climate change

California King Tides Project: Photograph the Future January 1–3, 2022

In the heavy rains of March 2018, the willows and other plants in the restored flood plain at Twin Bridges along with the wide expanse of salt marsh at the waters edge gave the rushing runoff a place to slow down and sink in. Without these natural spaces, flood waters continue on toward the bay in full force and the possibility of increased erosion and damage to infrastructure rises.

Photograph Friday: drought and big storms around the Morro Bay estuary

This image shows the stairway to the beach at Tidelands Park. An ultra-low tide is pictured on the left and an ultra-high tide on the right.

Help Scientists See the Future: California King Tides Project 2020 to 2021

Polycera atra (top) and Polycera hedgpethi on Bugula brozoan prey San Luis Obispo County, California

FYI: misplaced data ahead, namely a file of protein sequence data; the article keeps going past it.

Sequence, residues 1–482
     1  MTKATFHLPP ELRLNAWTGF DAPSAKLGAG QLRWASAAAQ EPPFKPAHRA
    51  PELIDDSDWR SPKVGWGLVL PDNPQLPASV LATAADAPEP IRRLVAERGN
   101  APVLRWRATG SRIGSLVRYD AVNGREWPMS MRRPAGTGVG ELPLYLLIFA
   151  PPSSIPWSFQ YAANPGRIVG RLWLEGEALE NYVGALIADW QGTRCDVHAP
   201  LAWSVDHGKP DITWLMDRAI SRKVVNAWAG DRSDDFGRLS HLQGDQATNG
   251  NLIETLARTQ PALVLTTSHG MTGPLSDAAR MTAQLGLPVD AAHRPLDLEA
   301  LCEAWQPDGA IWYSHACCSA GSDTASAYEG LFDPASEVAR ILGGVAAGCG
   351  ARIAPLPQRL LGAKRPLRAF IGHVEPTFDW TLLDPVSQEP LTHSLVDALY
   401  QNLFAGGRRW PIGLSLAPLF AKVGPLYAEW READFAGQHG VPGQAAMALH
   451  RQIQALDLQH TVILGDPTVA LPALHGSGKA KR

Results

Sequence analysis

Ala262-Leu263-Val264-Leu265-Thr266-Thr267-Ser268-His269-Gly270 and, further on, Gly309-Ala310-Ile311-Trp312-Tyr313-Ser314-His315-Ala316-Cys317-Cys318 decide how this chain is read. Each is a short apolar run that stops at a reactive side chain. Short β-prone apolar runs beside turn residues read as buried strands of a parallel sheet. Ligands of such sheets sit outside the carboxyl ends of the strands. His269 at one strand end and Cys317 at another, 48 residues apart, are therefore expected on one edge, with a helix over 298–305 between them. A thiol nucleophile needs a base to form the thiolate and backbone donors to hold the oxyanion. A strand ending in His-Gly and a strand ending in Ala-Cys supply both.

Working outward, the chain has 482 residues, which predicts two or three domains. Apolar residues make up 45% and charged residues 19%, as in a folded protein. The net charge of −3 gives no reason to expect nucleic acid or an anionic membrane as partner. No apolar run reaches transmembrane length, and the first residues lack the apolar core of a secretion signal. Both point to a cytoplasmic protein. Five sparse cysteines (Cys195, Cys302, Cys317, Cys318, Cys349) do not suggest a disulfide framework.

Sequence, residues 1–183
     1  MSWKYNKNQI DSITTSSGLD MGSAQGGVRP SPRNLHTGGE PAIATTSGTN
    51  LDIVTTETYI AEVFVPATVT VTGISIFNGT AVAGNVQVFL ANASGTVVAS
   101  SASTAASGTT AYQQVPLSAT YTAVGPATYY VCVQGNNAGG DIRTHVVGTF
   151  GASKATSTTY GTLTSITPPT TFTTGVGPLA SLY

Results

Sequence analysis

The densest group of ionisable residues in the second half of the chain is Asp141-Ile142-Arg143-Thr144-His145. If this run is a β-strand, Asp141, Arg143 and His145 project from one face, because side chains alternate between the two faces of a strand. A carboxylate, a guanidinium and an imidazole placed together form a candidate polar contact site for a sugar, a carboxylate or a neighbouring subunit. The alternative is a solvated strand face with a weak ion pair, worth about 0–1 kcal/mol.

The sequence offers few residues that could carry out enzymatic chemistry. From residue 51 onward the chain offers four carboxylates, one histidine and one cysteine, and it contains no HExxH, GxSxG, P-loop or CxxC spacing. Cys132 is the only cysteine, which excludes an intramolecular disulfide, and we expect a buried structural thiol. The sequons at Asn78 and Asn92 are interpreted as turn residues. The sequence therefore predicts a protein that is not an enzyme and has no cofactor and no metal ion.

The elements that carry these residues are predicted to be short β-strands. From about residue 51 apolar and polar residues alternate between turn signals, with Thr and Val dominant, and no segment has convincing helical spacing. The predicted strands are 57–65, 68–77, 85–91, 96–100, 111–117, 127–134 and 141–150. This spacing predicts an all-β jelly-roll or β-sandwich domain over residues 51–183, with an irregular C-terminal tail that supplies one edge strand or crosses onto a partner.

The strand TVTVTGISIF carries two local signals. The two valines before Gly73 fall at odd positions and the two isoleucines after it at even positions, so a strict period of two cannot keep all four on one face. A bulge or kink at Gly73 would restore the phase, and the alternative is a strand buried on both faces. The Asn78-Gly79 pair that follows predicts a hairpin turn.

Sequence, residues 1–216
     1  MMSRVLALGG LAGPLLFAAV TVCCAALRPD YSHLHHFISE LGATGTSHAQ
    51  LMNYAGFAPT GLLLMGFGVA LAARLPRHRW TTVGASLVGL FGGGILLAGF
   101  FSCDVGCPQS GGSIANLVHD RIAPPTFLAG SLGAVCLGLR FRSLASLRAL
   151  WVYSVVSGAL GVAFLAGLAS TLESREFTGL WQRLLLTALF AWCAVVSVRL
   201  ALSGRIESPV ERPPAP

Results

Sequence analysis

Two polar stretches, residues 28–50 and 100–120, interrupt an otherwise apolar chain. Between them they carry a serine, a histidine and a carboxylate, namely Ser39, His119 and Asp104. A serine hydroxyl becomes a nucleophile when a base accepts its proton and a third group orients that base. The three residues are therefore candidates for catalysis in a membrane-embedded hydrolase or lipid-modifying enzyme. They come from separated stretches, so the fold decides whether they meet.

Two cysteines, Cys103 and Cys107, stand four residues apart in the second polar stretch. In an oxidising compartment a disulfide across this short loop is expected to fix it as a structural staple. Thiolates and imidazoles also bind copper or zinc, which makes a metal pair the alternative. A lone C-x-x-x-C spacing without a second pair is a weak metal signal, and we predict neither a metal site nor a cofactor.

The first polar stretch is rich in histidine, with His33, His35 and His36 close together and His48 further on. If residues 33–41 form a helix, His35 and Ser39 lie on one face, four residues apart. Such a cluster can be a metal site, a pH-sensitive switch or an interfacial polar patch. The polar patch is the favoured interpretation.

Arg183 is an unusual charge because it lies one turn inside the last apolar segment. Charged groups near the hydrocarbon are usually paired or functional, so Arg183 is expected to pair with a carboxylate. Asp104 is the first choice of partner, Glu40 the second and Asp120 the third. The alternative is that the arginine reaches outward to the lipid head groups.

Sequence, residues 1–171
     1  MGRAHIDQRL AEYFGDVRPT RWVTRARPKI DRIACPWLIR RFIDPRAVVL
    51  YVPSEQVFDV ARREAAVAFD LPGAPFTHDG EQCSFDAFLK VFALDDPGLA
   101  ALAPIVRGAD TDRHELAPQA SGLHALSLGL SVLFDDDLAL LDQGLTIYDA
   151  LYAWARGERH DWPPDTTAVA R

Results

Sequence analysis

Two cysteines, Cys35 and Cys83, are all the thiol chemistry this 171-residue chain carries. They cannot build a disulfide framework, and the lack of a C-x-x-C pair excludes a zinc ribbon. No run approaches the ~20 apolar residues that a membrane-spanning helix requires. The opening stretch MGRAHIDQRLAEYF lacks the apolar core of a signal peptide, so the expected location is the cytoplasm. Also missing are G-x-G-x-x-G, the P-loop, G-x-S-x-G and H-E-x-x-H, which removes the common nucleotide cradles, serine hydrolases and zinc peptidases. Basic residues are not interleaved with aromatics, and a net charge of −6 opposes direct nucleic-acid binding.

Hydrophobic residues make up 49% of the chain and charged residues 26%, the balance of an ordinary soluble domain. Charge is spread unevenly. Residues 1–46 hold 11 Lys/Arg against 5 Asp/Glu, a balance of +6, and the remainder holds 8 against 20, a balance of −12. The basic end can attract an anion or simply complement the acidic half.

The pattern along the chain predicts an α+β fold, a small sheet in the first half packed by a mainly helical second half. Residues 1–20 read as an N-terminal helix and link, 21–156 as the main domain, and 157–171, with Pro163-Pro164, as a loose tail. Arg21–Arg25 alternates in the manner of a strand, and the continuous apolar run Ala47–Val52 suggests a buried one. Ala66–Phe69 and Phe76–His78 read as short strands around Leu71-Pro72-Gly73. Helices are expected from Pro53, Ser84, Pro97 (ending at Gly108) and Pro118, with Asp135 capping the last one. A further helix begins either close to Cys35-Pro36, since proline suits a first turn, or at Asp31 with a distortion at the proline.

Sea Slugs on the Move: Bent on World Domination, or Opportunistic Travel Bums?

Investigating the State of Morro Bay Estuary: State of the Bay Report 2020

May is for Bay: victory garden and composting

20 ways you can be more environmentally friendly during the roaring eco-20s.  

Morro Bay Wildlife Spotlight: Balls of Spines (AKA Sea Urchins)

windy cove king tide 2019

Help Scientists See the Future: California King Tides Project 2020

Locals and visitors alike enjoy walking along the estuary at sunset.

Director’s Desk: #IHeartEstuaries 2019 in Morro Bay